About the Project => The Core Memory Project => Topic started by: fred on October 06, 2016, 01:18:21 am

Title: Just wondering
Post by: fred on October 06, 2016, 01:18:21 am
Is anybody listening in here or contributing? It seems like all the messages on the forum are quite old. Is everybody dying off or what?

I just found the site but had no way to get in on it because registration had been locked. An email to the webmaster gave me access.

My interest to look came about because my daughter asked me to write a little history of our business. I was one of the founders of SBUG which stood for Service Bureau Users Group where all of us used NCR computers. Of course I threw just about everything out from those days in the early 70s but she wanted a picture of our mainframe. Who keeps such things. Luckily this site has quite a bit of memorabilia available thanks to people who saved stuff.

I have one question that has been bugging me. When I was a Sr. Analyst I had several customer sites under my wing. Most folks were using or trying to use existing NCR software packages but my main client expected me to write most of their software custom and being that NCR included about a year of support, I was the lucky guy to do it. Problem was there was no way to get to data except for random and sequential access. I had to write my own indexed sequential access system and always wondered how did other programmers handle access. Any thoughts?


Title: Re: Just wondering
Post by: heikobuss on October 08, 2016, 07:58:56 pm
Hello Fred,

>> It seems like all the messages on the forum are quite old.

You are right - unfortunately .....

>> Is everybody dying off or what?

No, not all - I'm still alive - Thank God!

I was a Field Engineer for the Century series in Germany.

After 5 years of work I switched to the other side of the desk - from Hard- to Software and from a NCR-employee to a NCR-customer-employee.

There I hat to write a whole lot of software - mostly in NEAT/3 and NEAT/VS.

And you are right - in the pre-Terminal-ages the changes to all the files where made in sequential acces - via the "Father-Son-technique" (I hope, this is the correct english word for that).

Of course I wrote my own indexed-access-routines - I guess, everybody does this. But with the restricted space on a 655-Disk (4,5 MB!) one had not too much of possibilities!

Then came the Terminal-Dialog-Ages. In germany whe had  from NCR Augsburg a software package named "TECOS" - you could write dialog programs with "Send/Reveice"-Commands. And a package named "MIDAS" - this was a small clone of the well known Database-Package "TOTAL" from Cincom Systems. With "MIDAS" you had a set of random commands to retrieve/change/insert data - very comfortable for that times.

Later on on the Criterion Mainframe there were indexed acces via the "CAM"-Method of access.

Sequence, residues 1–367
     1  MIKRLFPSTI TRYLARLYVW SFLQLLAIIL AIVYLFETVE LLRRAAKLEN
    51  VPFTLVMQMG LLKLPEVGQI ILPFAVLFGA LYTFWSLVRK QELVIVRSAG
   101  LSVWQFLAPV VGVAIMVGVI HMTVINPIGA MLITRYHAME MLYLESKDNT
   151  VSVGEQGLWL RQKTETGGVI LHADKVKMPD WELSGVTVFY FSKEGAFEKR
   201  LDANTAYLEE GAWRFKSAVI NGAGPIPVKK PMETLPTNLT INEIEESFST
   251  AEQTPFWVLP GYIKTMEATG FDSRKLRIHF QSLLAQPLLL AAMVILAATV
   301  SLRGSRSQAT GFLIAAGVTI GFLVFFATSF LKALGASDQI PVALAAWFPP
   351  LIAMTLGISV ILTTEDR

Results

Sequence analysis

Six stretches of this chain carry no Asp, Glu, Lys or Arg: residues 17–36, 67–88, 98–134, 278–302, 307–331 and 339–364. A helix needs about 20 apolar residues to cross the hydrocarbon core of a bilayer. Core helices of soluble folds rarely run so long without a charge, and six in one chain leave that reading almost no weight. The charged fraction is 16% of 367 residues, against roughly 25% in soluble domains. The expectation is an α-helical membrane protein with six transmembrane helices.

Good memories - yes, times have changed ....

All the best

Title: Re: Just wondering
Post by: JJW on October 31, 2016, 06:14:48 pm
I'm sorry I didn't discover this web site much earlier. I had done some searches for old NCR information but for some reason this site never popped up until now. An introduction:

I worked at the NCR Electronics Division in Hawthorn, CA and later in Rancho Bernardo, CA from 1964 until 1984 where the 315, Century and Centurion computers were designed and built. I was a programmer on several projects. Most notably, I designed and built the B2 operating system (with one other programmer). worked closely with the designers of the B3 and B4 operating systems. I was also the chief technical architect for the VRX operating system.

-- JJ Whelan

Title: Re: Just wondering
Post by: JJW on November 01, 2016, 06:53:35 am
Heiko, It wasn't until VRX (Centurion not Century though they had almost identical instruction sets and API's) that an indexed sequential access method was provided as part of the standard software. That was available on disks, not CRAM which was pretty much discontinued with the Century series.

Title: Re: Just wondering
Post by: JimT on December 06, 2016, 02:16:27 am
JJ - I do believe that we worked together.  I was in hardware from 1964-1986, then I transferred to Manufacturing.  I worked on the CRAM 2, Century 50/100/150, Criterion series (V and I), Sumitomo memories (Century and Criterion), I9300/9400, and the I10000 series.  B/T/W, they did continue the CRAM into the Century series as the 653.  I don't recall when it was discontinued as I was no longer working on it.

Title: Re: Just wondering
Post by: heikobuss on August 26, 2018, 02:50:20 pm

Hello JJW,

i can't remember any possibility on the Century under B1/B2/B3 to have index-sequential access to data files using NEAT/3. How could that work? Can you explain?
When using "Cobol74" there was a in-built index-sequential access.
As written, on VRX with NEAT/VS you can use "CAM"-Files.

Hello JimT,

yes, the CRAM was available on the Century. I remember during the C-200 education at the ITEC London (North Circular Road) in 1972 glancing stunned at this strange peripheral. I've never seen a CRAM on a Century in the field -  thanks God!


Title: Re: Just wondering
Post by: Herb Fish on November 02, 2018, 12:13:06 am
Hi JJ,

I remember talking to you several times in R.B.  I think the first time was when I ran a DynaProbe on a large Century 200 site running a B2 partition under B3 at the United Bank in Denver in the early '70s.  My analysis showed that a large portion of the processor time was spent in the B2 OCD.  You became involved and made significant efficiency improvements in the OCD based on that analysis as I recall.  I also spent quite a bit of time working with Berry Gilmore's Systems Services team in Rancho Bernardo.

Herb Fish